Being Right And Being Honest

It takes time to learn. For some things, this can be measured in minutes. For others, it’s measured in decades. When we become enamoured with something, we often want to shorten the learning time so we can get to the point where we’re respected for knowing it, where we’re the celebrated “expert”. So the temptation is to pretend we’re there before we are, and to inflate or fake our knowledge, experience and credentials. No one will find out, right?

In my world, I could make an unknown plant fit the description of another in a field guide, allowing me to look like the expert. I could identify an animal track or scat as belonging to a certain animal, even if the evidence shows it belongs to another animal. I could make up a bunch of stuff about my background to make me fit the part more ( raised by wolves?). And by using persuasive language, I could make those around me believe that I’m right or telling the truth. But I don’t.

It’s an ego-trap to believe that you always have to have the answer. It’s much better and more honest to be comfortable saying you don’t know.

This isn’t just for outdoor endeavors. It could be claiming to know how to edit software code, or operate a piece of machinery. I imagine that there are instances of it in all human endeavors, because ultimately it’s about the human ego, not endeavors.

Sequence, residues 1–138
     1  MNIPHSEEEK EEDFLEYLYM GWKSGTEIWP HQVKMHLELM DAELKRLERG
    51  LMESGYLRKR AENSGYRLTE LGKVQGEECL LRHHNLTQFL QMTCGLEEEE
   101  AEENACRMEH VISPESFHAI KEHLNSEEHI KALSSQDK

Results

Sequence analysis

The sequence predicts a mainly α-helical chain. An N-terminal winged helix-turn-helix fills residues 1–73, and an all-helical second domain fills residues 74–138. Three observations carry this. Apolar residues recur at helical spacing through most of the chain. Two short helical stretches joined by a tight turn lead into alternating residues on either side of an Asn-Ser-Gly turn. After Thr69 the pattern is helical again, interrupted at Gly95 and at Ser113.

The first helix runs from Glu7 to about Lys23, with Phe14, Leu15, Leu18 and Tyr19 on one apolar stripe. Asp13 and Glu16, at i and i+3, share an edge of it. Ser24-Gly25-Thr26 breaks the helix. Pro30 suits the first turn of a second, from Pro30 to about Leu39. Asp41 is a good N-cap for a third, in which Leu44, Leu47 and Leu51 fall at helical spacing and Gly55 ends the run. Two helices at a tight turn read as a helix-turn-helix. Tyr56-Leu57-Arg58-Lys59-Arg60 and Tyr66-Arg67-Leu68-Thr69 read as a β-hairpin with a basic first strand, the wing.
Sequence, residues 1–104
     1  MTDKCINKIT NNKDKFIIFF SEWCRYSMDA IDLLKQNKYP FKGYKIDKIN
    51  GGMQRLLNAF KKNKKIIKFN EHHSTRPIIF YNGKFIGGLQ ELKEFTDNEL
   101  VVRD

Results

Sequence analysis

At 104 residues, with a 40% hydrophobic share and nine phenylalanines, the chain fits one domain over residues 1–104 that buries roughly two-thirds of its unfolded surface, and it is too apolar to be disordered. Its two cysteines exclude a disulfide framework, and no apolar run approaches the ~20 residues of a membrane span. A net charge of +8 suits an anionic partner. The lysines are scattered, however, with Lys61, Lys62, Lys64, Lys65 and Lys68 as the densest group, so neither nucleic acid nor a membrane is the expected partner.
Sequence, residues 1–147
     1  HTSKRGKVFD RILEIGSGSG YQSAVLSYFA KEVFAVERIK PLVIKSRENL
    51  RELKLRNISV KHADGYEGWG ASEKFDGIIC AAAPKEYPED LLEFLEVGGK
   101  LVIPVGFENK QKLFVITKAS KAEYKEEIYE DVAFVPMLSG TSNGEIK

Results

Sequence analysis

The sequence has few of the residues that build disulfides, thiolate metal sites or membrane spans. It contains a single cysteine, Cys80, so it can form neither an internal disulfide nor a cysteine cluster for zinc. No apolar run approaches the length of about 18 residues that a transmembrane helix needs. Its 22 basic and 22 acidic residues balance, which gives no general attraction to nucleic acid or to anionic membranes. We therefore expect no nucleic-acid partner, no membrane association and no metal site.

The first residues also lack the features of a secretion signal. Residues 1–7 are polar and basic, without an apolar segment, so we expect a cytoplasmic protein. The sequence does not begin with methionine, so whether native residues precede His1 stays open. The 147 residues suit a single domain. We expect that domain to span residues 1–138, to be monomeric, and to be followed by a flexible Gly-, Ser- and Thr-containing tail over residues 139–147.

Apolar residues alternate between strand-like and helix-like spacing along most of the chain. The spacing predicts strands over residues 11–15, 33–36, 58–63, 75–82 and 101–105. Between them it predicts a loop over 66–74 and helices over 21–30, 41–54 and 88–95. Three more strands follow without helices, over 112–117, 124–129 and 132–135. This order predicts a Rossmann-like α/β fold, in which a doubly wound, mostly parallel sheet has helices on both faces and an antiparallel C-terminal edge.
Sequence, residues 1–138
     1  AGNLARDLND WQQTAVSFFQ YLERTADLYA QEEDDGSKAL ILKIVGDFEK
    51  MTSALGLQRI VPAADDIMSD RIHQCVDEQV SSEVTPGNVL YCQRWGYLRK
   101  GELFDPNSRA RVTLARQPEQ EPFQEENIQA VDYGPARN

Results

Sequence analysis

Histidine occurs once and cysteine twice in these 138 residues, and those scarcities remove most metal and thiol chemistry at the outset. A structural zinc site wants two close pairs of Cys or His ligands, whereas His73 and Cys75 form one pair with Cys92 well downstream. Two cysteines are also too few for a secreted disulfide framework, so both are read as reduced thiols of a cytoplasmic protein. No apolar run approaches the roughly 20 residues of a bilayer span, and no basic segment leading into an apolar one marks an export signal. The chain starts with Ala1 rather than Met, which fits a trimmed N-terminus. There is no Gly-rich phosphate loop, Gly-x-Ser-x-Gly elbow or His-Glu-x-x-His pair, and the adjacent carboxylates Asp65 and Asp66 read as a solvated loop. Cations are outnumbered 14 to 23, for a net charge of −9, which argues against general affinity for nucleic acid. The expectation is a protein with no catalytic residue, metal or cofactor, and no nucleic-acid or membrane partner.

It’s OK to not know, and to not have all the answers. No one does.

Educational Philosophy

Comments on this entry are closed.

  • Greg Averill

    Amen….your past couple posts about education and teaching have gotten me fired up, in a good way. I totally agree. When your honest as an educator, it makes what you do know more credible.

  • Thanks Greg. That’s a great point that in teaching, whether academic, outdoor or other, honesty = credibility.

  • David Willis

    Absolutely, and perhaps offering to find out too! … enjoying your blog.

 


 

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